… He lay face-up in the center of the trail, a slim, dead, almost dainty youngman. He had bony legs, a narrow waist, long shapely fingers. His chestwas sunken and poorly muscled—a scholar, maybe. His wrists were thewrists of a child. He wore a black shirt, black pajama pants, a grayammunition belt, a gold ring on the third finger of his right hand. Hisrubber sandals had been blown off. One lay beside him, the other a fewmeters up the trail. He had been born, maybe, in 1946 in the village ofMy Khe near the central coastline of Quang Ngai Province, where hisparents farmed, and where his family had lived for several centuries, andwhere, during the time of the French, his father and two uncles andmany neighbors had joined in the struggle for independence. He was nota Communist. He was a citizen and a soldier. In the village of My Khe, asin all of Quang Ngai, patriotic resistance had the force of tradition, whichwas partly the force of legend, and from his earliest boyhood the man Ikilled would have listened to stories about the heroic Trung sisters andTran Hung Dao’s famous rout of the Mongols and Le Loi’s final victoryagainst the Chinese at Tot Dong. He would have been taught that todefend the land was a man’s highest duty and highest privilege. He hadaccepted this. It was never open to question. Secretly, though, it alsofrightened him. He was not a fighter. His health was poor, his body smalland frail. He liked books. He wanted someday to be a teacher ofmathematics. At night, lying on his mat, he could not picture himselfdoing the brave things his father had done, or his uncles, or the heroes ofthe stories. He hoped in his heart that he would never be tested. Hehoped the Americans would go away. Soon, he hoped. He kept hopingand hoping, always, even when he was asleep.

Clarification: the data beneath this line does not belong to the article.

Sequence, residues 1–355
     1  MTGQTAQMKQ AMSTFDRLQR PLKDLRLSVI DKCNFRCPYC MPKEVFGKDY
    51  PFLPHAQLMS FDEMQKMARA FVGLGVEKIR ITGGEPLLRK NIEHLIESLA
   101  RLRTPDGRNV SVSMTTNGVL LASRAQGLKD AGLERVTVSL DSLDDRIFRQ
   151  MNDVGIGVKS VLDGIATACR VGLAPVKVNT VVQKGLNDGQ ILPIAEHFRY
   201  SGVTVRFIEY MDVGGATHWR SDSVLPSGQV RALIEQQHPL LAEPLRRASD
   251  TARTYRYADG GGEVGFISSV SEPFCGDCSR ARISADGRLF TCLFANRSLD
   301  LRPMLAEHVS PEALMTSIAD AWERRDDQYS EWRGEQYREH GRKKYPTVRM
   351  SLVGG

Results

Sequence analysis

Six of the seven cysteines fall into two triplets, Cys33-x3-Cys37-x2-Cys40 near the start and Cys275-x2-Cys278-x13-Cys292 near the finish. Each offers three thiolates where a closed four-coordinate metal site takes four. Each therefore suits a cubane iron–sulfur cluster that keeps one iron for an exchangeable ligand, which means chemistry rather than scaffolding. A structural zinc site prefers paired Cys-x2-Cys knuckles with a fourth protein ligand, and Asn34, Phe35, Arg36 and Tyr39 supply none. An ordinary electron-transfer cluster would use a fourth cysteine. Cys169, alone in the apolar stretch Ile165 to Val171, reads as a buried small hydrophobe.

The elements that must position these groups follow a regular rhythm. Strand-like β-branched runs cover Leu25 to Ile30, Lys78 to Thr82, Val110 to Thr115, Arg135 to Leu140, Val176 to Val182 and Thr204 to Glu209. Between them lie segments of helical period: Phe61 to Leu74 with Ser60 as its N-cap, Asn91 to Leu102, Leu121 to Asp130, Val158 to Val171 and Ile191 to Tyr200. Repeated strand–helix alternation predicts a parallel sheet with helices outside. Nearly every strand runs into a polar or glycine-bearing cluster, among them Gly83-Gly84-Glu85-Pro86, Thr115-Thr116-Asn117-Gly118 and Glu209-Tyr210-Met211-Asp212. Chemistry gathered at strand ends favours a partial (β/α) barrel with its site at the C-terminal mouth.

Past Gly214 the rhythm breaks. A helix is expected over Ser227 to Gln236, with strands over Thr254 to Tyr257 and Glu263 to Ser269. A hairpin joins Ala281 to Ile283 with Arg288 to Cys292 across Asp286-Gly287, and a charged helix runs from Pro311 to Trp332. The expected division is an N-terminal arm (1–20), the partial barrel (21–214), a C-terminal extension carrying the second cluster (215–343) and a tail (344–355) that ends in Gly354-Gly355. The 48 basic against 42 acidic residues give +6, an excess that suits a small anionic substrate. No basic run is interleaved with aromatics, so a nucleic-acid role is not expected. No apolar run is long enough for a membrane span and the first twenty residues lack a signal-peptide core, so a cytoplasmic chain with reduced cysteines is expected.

The short story “The Man I Killed” opens with this description of the man fictional-character-omnipotent-author-narrator-demigod Tim O’Brien killed. This seems like a normal description, or at least, the type of description you would expect to hear about a man that was killed, especially when the book is trying to portray him as an important human being to further illustrate the inhumanity of the Vietnam War. What was not expected was almost exact repetition of this passage two times later: